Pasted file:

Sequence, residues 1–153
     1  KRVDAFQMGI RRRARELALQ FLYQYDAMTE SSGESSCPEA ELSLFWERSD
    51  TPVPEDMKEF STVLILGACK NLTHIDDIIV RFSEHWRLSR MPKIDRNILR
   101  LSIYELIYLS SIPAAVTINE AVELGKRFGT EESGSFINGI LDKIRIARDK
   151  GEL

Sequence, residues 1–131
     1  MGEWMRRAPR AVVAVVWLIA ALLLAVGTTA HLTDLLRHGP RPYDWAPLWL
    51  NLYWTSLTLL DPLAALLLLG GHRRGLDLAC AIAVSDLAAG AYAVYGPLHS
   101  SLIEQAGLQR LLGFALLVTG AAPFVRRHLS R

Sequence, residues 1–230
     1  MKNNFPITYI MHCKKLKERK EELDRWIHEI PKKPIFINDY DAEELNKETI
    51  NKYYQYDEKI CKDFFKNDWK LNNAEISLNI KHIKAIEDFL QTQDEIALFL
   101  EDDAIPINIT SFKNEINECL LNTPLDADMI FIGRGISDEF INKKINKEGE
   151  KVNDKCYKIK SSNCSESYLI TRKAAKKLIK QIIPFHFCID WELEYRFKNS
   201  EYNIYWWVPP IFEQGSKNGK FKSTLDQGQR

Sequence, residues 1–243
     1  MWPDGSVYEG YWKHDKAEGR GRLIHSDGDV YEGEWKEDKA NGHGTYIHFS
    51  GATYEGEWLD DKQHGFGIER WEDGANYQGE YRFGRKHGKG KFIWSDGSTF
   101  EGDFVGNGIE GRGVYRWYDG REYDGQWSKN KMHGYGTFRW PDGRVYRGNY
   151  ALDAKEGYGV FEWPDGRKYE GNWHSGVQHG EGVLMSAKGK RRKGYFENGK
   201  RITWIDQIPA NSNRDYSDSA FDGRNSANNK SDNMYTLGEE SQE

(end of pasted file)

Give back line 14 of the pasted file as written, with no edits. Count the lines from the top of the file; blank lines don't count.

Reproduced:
   151  KVNDKCYKIK SSNCSESYLI TRKAAKKLIK QIIPFHFCID WELEYRFKNS